“Ruben J. Kihuen was born in Guadalajara, Jalisco, Mexico. His father moved to the United States and worked as a field laborer in search of greater opportunities for his family. Nearly two years later, Ruben’s mother moved the rest of the family from Mexico reuniting them with their father and eventually settling in Las Vegas.

Ruben’s parents pushed their children to reach for the American Dream, teaching them the value of hard work and the importance of a good education. Ruben worked his way through college, first attending the College of Southern Nevada and later the University of Nevada, Las Vegas. He was the first in his family to go to college and ultimately obtained a bachelor’s degree in education.”


2. Rep. Wm. Lacy Clay (Represents Missouri’s 1st District) – University of Maryland, College Park

“Congressman Wm. Lacy Clay was first elected to the U. S. House of Representatives in 2000, succeeding his father, the Honorable Bill Clay, who served for 32 years and was a founding Member of the Congressional Black Caucus. Recently, Congressman Clay expanded his congressional portfolio to include a seat on the House Natural Resources Committee where he is working to combat climate change, protect wilderness areas, safeguard clean water and clean air and make sure that future generations enjoy America’s remarkable natural assets.”

3. Rep. Adriano de Jesus Espaillat Rodriguez (Represents New York’s 13th District)- Queens College

“Congressman Espaillat was born in the Dominican Republic in 1954 and came to the United States with his family when he was nine years old.  He grew up in the Washington Heights neighborhood in New York City and is the first Dominican-American to serve in the United States Congress.”

4. Rep. Ami Bera, M.D. (Represents California’s 7th District) – University of California, Irvine

“He attended California’s public schools from grammar school through medical school, earning both his B.S. and M.D. from the University of California, Irvine. With help from his family, scholarships, and working part-time, he put himself through medical school while taking advantage of federally-funded student loans, and graduating with less than $10,000 in debt. He credits much of his success to his country’s investment in him, and he’s working to ensure that we continue to invest in hard-working Americans to keep the American Dream alive for the next generation.”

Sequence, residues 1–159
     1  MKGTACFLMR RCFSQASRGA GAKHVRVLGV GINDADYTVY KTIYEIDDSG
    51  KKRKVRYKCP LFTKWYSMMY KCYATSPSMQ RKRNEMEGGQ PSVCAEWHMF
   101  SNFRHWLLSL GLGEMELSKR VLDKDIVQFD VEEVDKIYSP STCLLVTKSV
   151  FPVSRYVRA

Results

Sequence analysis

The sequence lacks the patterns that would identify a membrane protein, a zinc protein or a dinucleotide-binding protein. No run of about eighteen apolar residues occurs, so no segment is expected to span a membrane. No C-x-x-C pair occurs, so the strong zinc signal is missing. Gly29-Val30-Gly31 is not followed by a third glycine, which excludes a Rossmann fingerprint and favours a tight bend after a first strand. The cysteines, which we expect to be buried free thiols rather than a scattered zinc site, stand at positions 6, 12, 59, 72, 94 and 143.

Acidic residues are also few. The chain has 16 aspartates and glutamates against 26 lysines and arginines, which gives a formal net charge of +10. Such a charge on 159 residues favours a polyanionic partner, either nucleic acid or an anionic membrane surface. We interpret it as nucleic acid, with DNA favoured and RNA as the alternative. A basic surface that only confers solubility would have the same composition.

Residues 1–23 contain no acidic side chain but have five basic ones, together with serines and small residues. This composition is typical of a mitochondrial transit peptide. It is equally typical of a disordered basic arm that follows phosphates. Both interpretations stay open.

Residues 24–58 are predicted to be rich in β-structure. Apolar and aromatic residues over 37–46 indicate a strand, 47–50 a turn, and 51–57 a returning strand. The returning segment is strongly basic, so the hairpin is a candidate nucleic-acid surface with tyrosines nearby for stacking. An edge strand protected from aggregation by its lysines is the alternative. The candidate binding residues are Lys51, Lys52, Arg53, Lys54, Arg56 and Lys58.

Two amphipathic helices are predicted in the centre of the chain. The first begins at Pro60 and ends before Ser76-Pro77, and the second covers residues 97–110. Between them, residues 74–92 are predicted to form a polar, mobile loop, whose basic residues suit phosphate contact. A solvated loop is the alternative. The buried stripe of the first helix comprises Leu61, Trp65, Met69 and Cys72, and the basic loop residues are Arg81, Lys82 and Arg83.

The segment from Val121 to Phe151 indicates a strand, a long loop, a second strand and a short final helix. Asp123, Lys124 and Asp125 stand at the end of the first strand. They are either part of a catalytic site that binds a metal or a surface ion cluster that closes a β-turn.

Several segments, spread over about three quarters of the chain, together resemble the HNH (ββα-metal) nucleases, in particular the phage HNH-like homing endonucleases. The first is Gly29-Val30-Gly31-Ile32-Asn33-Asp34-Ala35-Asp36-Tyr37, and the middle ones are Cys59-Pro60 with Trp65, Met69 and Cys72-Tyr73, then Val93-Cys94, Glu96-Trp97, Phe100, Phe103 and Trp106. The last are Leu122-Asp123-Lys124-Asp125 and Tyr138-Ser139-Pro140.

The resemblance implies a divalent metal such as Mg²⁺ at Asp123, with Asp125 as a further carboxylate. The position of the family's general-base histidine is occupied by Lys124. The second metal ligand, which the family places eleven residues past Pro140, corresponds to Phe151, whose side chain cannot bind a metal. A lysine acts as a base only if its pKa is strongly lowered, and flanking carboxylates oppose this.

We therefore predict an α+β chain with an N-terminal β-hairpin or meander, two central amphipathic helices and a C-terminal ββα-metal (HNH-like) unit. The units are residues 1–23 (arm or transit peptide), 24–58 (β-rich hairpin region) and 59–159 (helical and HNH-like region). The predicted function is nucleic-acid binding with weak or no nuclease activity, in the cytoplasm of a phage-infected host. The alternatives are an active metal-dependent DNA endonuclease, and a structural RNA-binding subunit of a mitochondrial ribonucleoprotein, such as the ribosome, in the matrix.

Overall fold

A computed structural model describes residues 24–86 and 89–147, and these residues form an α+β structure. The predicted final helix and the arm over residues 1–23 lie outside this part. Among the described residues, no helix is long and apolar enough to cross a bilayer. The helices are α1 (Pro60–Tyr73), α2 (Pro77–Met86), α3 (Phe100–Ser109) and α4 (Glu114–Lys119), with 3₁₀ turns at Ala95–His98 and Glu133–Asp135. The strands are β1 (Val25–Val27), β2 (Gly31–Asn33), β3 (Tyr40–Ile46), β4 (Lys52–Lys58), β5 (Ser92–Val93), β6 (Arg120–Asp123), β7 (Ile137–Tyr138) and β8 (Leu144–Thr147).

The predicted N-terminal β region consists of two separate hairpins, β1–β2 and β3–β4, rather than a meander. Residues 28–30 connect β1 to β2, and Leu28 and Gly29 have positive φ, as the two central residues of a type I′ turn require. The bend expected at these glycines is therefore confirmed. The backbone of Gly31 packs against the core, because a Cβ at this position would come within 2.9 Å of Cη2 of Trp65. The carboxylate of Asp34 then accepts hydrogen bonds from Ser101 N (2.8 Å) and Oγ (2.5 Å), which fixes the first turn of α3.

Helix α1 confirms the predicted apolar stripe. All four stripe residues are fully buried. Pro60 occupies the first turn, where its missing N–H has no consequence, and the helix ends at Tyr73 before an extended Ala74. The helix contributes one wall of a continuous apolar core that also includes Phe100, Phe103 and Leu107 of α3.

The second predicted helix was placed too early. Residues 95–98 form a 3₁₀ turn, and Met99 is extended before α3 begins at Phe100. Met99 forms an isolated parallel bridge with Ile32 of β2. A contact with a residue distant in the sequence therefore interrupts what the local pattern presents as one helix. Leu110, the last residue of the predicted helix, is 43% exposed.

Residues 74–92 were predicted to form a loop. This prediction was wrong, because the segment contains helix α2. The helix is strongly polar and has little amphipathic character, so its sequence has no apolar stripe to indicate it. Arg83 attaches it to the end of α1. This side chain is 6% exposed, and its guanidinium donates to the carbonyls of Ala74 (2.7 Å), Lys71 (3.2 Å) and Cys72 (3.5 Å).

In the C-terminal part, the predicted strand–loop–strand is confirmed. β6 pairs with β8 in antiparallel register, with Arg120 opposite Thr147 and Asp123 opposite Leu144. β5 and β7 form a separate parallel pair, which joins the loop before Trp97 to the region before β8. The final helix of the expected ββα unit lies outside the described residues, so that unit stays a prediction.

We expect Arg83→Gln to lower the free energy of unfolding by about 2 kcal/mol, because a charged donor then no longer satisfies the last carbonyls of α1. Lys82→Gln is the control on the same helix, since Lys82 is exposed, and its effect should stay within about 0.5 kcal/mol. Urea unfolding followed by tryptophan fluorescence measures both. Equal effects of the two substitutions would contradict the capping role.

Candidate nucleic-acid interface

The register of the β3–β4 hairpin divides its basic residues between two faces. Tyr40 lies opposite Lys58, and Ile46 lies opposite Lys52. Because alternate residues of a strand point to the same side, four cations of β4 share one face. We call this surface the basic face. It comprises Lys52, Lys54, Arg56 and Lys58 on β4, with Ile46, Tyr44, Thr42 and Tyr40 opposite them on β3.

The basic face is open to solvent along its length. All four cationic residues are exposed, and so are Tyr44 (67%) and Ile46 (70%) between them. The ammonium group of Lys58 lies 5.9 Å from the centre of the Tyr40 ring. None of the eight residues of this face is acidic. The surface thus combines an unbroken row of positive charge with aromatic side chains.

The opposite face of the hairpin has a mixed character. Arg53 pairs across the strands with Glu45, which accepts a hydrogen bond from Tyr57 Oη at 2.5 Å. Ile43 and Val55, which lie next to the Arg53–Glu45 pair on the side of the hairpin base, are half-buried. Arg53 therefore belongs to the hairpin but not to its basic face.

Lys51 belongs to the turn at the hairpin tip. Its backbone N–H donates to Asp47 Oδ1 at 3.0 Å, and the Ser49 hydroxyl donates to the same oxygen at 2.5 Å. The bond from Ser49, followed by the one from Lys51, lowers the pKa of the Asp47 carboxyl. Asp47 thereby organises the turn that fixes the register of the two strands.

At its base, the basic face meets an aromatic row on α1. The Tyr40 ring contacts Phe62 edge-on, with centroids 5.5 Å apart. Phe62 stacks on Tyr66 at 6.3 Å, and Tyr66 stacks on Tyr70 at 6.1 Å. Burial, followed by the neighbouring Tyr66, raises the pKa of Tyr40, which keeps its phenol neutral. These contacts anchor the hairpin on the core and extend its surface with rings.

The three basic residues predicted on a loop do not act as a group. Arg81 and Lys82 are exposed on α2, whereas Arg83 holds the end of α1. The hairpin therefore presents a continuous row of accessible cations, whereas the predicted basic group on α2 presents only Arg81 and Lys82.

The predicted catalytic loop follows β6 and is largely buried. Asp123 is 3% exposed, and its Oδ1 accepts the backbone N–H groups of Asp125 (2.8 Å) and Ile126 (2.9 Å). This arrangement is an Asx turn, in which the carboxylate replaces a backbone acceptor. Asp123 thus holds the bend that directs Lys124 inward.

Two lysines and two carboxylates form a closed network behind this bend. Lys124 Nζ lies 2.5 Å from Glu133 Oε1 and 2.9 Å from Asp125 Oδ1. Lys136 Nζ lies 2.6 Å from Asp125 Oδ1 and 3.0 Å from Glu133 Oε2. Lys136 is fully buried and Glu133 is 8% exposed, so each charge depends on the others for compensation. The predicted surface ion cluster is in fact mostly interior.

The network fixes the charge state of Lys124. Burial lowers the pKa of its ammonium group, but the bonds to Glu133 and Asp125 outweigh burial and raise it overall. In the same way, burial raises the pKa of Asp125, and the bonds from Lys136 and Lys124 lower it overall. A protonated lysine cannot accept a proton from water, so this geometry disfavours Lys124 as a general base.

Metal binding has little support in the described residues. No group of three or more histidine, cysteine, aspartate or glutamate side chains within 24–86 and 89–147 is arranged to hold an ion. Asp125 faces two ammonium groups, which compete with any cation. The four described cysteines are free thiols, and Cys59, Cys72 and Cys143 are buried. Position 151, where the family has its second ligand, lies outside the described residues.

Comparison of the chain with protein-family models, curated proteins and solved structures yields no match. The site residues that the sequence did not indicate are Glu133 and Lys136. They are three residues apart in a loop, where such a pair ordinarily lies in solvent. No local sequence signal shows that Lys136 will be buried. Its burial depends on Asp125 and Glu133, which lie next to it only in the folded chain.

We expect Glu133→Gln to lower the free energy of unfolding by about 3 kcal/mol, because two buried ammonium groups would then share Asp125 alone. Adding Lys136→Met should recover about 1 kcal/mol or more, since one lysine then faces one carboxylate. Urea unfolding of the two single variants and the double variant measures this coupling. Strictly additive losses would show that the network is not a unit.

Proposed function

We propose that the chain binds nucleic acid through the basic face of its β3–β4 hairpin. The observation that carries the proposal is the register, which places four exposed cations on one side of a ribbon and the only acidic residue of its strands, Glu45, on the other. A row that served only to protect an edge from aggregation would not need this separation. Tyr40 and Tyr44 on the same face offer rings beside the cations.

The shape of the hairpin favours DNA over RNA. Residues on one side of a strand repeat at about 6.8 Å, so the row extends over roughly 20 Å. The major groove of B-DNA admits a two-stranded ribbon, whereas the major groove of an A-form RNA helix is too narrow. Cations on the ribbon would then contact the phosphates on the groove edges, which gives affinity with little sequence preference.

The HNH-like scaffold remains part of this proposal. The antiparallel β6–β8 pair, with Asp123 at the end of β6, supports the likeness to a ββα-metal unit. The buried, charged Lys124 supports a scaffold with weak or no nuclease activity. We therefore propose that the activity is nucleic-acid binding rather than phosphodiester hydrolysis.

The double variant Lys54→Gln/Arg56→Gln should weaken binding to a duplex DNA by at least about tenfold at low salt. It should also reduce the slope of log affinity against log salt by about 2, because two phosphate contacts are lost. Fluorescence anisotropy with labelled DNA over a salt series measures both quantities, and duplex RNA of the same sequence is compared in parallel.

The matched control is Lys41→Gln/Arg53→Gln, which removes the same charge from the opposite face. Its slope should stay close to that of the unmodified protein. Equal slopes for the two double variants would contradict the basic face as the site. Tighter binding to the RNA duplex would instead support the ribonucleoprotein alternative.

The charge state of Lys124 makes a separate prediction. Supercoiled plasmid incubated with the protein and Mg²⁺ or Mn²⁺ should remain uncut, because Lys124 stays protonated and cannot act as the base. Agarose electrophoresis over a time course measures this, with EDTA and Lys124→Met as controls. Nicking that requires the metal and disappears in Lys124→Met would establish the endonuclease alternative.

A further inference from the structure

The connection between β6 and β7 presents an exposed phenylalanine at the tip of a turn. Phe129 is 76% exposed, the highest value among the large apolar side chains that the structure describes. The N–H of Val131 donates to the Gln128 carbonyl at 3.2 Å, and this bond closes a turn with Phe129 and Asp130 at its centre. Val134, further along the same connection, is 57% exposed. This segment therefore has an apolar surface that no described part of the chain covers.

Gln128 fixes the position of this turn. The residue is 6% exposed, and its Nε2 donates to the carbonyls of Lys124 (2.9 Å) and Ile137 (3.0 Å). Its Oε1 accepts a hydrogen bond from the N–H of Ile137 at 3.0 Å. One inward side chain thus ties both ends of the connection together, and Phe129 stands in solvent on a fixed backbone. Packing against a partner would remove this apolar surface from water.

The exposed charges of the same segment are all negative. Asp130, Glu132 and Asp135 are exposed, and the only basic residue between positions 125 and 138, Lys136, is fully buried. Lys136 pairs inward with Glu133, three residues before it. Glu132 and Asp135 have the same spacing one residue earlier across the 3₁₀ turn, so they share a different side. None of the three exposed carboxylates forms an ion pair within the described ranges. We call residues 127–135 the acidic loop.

5. Rep. Aumua Amata Coleman Radewagen (Represents American Samoa) – University of Guam

“She is the first woman elected to the U.S. House of Representatives from American Samoa. She is the first Republican woman of Samoan descent in Congress. She is also her party’s highest-ranking Asian Pacific elected federal officeholder in the nation. She has been the most senior member of the Republican National Committee since 2012 and holds the orator (talking chief) title of Aumua from the village of Pago Pago in American Samoa, where she is a registered voter.”

5 Tribal Colleges and Universities (TCUs) with Psychological Counseling Services

By Rachel Bryan

Many Native American students come to Tribal Colleges and Universities (TCUs) from communities that suffer from high unemployment rates, high rates of substance abuse, and high suicide rates (Educating a Diverse Nation, p. 17). Since Native American students attending TCUs have to adjust to college life while coping with the struggles of their communities, TCUs are beginning to offer psychological counseling. Here are five TCUs that provide psychological counseling for their students:

1) College of the Muscogee Nation (CMN)


The College of the Muscogee Nation’s Health and Wellness Services include counseling, as well as services related to substance abuse and sexually transmitted diseases. They ensure that staff are “knowledgeable of Native American viewpoints of health services and can provide a sensitive approach to making students feel comfortable seeking help.”


2) Fond du Lac Tribal and Community College

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Fond du Lac Tribal and Community College offers counseling via their Student Support services, where counselors are equipped to address “mental health, domestic violence, sexual violence, grief support, college transition and career planning, and a range of emergency and crisis issues.”


3) Haskell Indian Nations University

Haskell University

Haskell Indian Nations University offers counseling via their Counseling Center. They are prepared for short-term counseling, and if the initial assessment requires, they will make referrals to other community resources.

4) Sinte Gleska University

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Sinte Gleska University offers Personal Counseling, specifically, through their Student Assistance Program. With the goal of decreasing dropout rates, counselors are prepared to discuss “substance abuse, emotional, physical or sexual abuse, family problems, suicidal thoughts, financial management difficulties and interpersonal problems.”  

5) United Tribes Technical College

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United Tribes Technical College provides counseling through their Psychological Services housed in their Wellness Center. Counselors are prepared to address ”anxiety, depression, substance abuse, trauma, family counseling, co-dependency,” and “relationship counseling.”